George Clooney has been laying low in the film business recently. But he’s been getting more active politically. I told you a few weeks ago that he was donating $500,000 to the March 24th March for Our Lives. Now Clooney and John Prendergast have co-written an Op Ed piece for “Foreign Affairs” magazine on how to achieve peace in Africa.
In the piece, titled “The Key to Making Peace in Africa: Fighting Corruption Can Help End Conflict,” Clooney and Prendergast, the actor’s partner in The Sentry, a project of Clooney’s South Sudan effort called Not On Our Watch. write:
- “Every year, billions of aid dollars pour into Africa: taxpayers and donors around the world fund peacekeeping forces, state-building programs, humanitarian assistance, elections, and peace processes. But none of this support has been able to keep corrupt leaders and their network of beneficiaries from stealing billions of dollars.”
- “This is the fatal flaw of peacemaking in Africa: those supporting mediation lack the leverage necessary to stop corrupt figures from using their forces to bomb, burn, imprison, silence, torture, starve, impoverish, kill, and rape to maintain or gain power.”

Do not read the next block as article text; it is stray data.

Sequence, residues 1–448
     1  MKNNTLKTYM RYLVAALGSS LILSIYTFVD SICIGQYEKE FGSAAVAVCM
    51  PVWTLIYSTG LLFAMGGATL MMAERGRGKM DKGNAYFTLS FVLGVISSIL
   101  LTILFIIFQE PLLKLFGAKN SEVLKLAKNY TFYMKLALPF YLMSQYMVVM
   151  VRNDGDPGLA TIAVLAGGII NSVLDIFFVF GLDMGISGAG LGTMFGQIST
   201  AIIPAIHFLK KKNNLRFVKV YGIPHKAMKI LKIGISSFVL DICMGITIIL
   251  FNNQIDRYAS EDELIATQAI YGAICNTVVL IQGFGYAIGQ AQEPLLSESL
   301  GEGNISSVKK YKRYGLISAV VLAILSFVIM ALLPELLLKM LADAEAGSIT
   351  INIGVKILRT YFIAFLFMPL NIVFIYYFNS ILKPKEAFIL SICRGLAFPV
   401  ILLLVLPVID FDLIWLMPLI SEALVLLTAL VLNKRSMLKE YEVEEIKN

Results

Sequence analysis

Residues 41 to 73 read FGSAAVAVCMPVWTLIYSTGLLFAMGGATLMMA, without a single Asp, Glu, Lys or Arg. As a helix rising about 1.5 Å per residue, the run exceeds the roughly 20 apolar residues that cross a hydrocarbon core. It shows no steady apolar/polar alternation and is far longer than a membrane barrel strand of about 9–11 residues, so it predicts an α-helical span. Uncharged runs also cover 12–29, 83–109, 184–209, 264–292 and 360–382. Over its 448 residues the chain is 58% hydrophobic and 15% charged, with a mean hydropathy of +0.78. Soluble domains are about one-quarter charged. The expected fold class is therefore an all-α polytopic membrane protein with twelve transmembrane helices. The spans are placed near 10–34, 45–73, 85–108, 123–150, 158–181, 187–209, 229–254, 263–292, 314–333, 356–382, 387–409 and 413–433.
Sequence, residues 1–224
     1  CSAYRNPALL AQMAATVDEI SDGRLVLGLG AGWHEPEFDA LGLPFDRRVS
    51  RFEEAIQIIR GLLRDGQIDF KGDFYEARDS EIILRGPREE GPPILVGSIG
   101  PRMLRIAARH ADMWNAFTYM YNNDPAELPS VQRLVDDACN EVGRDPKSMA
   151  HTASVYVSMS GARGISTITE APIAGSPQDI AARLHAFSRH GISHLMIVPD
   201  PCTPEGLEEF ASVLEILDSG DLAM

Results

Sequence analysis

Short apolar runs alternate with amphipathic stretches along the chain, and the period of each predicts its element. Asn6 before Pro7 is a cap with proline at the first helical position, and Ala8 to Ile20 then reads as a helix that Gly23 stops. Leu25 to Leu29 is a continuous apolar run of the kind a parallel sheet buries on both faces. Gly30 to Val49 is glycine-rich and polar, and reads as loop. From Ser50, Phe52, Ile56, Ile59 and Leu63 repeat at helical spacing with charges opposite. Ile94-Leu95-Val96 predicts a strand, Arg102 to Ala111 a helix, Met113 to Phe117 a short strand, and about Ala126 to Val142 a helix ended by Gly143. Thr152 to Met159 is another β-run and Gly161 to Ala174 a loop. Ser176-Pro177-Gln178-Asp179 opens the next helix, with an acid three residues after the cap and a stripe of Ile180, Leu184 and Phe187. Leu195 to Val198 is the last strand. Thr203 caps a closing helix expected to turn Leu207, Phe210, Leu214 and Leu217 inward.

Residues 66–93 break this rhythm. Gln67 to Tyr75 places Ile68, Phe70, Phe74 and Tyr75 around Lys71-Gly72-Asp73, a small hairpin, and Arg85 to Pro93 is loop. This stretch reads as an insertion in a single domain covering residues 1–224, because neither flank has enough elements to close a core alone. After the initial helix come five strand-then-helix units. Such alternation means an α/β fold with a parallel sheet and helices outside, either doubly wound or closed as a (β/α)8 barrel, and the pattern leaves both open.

- “Serious financial pressure with real bite is not only possible; it has proved effective in the past.”
- “A comprehensive strategy of using financial pressure for peace and human rights in South Sudan and other African war zones would cost very little. But it would give African mediators and their supporters in Washington, London, and elsewhere leverage in peace negotiations.”
Clooney certainly seems like he’s continuing to test the political waters recently. He has no movies lined up, but is busy producing, directing and acting in the TV version of Joseph Heller’s “Catch-22.” His commitment to Africa, South Sudan especially, is not new. He and actor Don Cheadle have continued to be very active with Not On Our Watch and have been for about a decade.